Media comment on Egypt-Israel gas rift

Headquarters of the state-owned Egyptian Natural Gas Holding Company (EGAS) in Cairo Egypt has been supplying about 40% of Israeli gas needs since 2005

The decision by the Egyptian Natural Gas Holding Company to cancel a controversial deal which supplies Israel with natural gas at below-market prices dominates Egyptian and Israeli media comment, with all commentators noting political dimensions to the move that could have significant consequences for bilateral relations.

Commercial or political?

The story broke too late on Sunday evening for the morning newspapers, but Egyptian TV channels were full of analysts seeking to explain the move.

State broadcasters followed the official line that this is a trade dispute. Channel One TV hosted political analyst Mahmud Zahir on its morning discussion programme. He firmly denied that the story endangered the Camp David peace accords between Egypt and Israel, and noted that the cancellation of the contract "could be reversed" at any time if payment were received.

The official Nile News TV channel's From Cairo programme interviewed Ibrahim Issawi, a former deputy oil minister, who also emphasized the commercial aspect of the decision.

In contrast, coverage on private Dream 2 TV was more strident, and demanded clarification from the Egyptian military government about what the decision means. A presenter described the Israeli reaction as "hysterical", "outrageous" and "expressing a kind of uncontrolled nervousness".

On its Sunday night 10 PM programme the presenter said "we want to know the circumstances surrounding this decision, which was a wish for some people and a nightmare for others".

Gen Samih Sayf al-Yazal told the programme that that an Israeli warning to its citizens to leave Sinai three days earlier had been a "pre-emptive move" after Israel had allegedly learned of Egypt's intention to suspend gas supplies. He said the cancellation was "in response to popular wishes with respect to the gas issue. The Egyptian people feel shocked about this contract, and feel that their money has been plundered". He was sure that Egypt's military government, which has not commented so far, was consulted on the decision. The Gas Holding Company "cannot take such a decision without informing the country's leaders", Gen Al-Yazal concluded.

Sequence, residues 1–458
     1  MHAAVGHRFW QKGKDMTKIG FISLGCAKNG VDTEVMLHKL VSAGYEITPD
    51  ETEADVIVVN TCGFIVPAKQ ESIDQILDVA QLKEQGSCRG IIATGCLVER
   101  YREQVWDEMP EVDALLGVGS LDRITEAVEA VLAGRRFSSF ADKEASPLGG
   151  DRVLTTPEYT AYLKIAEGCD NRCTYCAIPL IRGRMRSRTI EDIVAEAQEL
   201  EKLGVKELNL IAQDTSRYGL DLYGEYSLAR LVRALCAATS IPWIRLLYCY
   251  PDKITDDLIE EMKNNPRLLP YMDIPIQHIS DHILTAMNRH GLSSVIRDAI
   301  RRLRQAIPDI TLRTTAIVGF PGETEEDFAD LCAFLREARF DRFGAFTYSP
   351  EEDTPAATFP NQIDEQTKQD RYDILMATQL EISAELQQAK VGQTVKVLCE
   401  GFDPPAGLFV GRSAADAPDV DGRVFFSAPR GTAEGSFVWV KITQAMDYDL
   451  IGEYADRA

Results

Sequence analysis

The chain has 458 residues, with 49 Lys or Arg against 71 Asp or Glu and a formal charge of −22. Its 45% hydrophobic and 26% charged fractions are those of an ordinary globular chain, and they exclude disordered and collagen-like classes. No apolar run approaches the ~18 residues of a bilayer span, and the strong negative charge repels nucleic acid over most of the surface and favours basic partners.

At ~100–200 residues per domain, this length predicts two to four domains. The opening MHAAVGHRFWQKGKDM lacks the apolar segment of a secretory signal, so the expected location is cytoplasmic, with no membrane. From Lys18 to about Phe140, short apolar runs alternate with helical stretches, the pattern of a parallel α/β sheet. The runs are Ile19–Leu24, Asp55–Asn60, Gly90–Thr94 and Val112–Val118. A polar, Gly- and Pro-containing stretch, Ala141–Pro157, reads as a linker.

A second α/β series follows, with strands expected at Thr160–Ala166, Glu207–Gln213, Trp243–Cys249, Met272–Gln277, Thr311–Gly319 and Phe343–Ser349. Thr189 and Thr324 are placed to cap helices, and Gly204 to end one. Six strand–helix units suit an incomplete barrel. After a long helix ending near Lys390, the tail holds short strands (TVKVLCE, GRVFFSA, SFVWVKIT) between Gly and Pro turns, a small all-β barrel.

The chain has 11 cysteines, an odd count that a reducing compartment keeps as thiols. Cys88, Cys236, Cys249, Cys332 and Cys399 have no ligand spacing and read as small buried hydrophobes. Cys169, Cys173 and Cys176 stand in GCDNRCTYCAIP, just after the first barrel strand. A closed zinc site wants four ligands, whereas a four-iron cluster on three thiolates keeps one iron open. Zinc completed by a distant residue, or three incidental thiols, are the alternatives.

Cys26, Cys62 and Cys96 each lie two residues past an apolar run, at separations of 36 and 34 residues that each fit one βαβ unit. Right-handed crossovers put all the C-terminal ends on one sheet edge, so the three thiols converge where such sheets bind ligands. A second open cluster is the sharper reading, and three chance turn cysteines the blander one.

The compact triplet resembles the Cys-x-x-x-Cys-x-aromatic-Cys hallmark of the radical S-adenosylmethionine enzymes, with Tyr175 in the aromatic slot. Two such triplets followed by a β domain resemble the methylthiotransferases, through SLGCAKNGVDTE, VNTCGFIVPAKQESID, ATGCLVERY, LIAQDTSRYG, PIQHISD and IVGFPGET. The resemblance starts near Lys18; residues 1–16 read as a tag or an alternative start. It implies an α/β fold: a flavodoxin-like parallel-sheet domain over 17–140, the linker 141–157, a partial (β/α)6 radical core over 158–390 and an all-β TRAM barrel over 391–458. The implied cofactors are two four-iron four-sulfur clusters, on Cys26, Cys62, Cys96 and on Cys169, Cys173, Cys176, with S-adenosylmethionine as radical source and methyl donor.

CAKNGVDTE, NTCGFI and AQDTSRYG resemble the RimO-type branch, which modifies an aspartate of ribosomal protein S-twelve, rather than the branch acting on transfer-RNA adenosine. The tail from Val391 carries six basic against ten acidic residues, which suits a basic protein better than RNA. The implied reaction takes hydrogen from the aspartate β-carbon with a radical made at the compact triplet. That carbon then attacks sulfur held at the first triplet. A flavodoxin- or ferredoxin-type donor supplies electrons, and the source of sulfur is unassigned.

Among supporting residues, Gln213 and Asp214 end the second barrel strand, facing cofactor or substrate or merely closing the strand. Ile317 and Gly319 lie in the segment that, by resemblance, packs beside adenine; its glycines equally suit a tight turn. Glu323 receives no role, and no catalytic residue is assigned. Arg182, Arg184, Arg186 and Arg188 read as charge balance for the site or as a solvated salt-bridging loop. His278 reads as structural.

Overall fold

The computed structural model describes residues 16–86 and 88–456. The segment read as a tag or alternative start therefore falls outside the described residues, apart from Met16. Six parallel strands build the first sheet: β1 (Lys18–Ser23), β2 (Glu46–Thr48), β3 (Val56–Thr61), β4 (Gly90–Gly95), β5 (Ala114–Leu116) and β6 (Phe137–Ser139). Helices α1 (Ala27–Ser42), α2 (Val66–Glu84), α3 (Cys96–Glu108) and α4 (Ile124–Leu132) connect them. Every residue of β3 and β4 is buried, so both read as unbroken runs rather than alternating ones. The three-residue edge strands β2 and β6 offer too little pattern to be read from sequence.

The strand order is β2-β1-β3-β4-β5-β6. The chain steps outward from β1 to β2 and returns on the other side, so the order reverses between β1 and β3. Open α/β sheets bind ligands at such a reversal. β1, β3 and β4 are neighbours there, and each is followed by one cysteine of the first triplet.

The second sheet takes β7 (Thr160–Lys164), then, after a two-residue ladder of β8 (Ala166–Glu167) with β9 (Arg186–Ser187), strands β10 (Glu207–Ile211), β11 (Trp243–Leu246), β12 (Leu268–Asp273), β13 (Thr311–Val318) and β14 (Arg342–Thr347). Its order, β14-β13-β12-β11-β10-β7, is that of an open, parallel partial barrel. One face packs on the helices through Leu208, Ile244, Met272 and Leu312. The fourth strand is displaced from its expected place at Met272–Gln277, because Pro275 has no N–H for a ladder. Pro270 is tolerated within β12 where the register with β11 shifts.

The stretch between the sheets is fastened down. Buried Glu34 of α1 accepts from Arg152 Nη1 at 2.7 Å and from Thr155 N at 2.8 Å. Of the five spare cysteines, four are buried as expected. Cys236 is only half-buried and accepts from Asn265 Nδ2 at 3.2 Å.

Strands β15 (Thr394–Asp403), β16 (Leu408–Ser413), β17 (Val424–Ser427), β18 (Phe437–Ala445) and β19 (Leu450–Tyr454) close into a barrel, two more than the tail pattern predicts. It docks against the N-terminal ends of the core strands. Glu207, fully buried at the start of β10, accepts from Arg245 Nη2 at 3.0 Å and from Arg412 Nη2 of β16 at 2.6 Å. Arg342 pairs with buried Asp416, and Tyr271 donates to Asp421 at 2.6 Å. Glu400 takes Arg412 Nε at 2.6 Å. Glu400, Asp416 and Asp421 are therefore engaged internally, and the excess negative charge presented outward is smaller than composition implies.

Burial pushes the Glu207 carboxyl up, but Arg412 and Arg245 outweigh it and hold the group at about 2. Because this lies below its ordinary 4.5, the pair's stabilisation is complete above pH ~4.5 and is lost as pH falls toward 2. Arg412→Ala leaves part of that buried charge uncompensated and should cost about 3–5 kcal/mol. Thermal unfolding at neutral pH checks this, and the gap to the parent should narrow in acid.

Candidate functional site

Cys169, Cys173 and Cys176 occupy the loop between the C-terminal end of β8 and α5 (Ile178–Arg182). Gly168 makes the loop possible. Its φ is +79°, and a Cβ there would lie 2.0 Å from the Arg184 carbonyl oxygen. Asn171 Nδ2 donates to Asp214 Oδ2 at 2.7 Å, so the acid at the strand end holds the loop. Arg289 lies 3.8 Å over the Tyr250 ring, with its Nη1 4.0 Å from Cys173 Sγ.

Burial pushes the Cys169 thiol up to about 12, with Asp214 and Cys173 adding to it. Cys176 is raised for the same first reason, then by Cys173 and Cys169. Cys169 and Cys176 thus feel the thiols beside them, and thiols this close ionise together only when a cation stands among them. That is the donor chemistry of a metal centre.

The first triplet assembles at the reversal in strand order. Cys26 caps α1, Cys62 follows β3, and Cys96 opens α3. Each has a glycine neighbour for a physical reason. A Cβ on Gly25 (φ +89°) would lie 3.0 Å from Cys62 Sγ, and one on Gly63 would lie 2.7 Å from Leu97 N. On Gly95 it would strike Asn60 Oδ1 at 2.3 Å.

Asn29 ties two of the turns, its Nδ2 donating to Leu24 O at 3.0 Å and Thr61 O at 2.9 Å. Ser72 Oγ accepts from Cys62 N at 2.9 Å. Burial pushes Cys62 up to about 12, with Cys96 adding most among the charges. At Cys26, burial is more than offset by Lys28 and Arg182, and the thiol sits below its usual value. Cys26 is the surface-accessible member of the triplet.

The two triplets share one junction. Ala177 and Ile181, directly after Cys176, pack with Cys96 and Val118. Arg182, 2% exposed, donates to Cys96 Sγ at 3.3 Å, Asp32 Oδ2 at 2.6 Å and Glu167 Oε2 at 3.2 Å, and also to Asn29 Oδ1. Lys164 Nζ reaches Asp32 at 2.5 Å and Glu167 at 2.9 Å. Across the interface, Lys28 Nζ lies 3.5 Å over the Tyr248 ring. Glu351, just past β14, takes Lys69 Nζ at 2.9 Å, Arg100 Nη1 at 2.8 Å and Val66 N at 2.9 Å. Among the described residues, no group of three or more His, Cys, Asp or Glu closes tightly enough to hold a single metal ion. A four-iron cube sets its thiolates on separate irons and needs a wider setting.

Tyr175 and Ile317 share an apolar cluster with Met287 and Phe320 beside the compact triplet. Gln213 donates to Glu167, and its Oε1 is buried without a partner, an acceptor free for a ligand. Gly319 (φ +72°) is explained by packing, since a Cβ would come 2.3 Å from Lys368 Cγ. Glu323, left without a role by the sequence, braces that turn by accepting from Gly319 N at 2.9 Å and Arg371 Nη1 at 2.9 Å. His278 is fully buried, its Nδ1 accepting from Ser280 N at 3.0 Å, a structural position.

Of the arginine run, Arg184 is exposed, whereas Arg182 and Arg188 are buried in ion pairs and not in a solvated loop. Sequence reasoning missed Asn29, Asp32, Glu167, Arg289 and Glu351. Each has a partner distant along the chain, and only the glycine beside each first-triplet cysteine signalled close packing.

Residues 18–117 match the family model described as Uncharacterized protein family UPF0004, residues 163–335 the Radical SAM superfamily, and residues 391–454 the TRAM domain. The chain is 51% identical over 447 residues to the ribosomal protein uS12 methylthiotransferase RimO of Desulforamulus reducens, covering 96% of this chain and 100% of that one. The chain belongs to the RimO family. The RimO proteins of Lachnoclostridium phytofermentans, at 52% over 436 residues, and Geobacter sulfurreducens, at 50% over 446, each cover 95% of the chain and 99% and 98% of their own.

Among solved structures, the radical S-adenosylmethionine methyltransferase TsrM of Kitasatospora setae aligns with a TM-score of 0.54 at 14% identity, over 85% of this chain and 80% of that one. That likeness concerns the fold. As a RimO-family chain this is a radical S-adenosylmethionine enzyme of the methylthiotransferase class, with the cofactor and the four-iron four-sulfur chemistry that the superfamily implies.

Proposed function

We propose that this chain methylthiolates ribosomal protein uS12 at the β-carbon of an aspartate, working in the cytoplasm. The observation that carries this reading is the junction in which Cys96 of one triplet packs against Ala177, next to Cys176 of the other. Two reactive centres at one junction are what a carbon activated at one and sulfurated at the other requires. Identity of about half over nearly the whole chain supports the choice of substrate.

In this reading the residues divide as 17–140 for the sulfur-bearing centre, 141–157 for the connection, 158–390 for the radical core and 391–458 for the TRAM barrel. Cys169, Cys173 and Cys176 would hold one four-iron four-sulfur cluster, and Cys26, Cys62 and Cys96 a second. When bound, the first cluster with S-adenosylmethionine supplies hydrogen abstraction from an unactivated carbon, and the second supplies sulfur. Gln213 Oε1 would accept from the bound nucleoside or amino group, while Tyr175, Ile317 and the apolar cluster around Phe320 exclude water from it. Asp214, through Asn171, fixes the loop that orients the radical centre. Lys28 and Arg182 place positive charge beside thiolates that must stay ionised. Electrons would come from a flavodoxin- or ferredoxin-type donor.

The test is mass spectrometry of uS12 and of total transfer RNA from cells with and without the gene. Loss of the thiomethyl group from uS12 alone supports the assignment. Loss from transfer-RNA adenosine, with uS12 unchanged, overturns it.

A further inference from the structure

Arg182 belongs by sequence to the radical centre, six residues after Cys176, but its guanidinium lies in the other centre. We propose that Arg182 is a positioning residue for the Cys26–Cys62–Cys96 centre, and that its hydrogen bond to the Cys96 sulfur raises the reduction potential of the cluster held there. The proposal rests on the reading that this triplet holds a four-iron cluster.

Prominent Egyptian Facebook and blog commentators noted the official reticence. The 6th of April Youth Movement's Facebook page reported the news with suspicion: "Ten minutes and we will find a denial of the news from another part of the leadership."

On her English-language blog "Egyptian Chronicles", Zeinobia commented, "Ok news is contradictory in Cairo. There are military sources as well as the minister of oil in Egypt that have denied the news that they cancelled the agreement to export gas to Israel while there are confirmed sources saying that Cairo has cancelled the deal !!"

Twitter users were generally enthusiastic, Leftwing Nasserite presidential candidate Hamdin Sabbahi tweeted: "I hail the decision to stop exporting Egyptian gas to the Zionist entity. We hope the implementation of the decision will continue out of respect for the will of the people and the judiciary's rulings, and in order to protect our national wealth."

"Dangerous precedent"

Israeli public broadcasters concentrated on statements by Israeli officials, in particular Foreign Minister Avigdor Lieberman's call for Egypt to reverse its decision so that the commercial disagreement might not turn into a "political issue".

Press comment was gloomier, with a general view that relations can only deteriorate further. Zvi Barel in liberal Ha'aretz said that "if it turns out that Egypt has really unilaterally decided to terminate the agreement, it may be a dangerous precedent that indicates other agreements between Egypt and Israel may also come to an end".

Amir Ben-David in mass-circulation Yediot Aharonot also saw a threat to the Camp David accords: "This move could turn out to be a first, fundamental step in abrogating the peace agreements."

Boaz Bismuth in the pro-government freesheet Yisrael Hayom went even further, saying that "our southern neighbour could turn into an enemy state much earlier than expected. Egypt will no longer supply us with gas, but will continue to supply us, regrettably, with other combustible material".

BBC Monitoring selects and translates news from radio, television, press, news agencies and the internet from 150 countries in more than 70 languages. It is based in Caversham, UK, and has several bureaux abroad.

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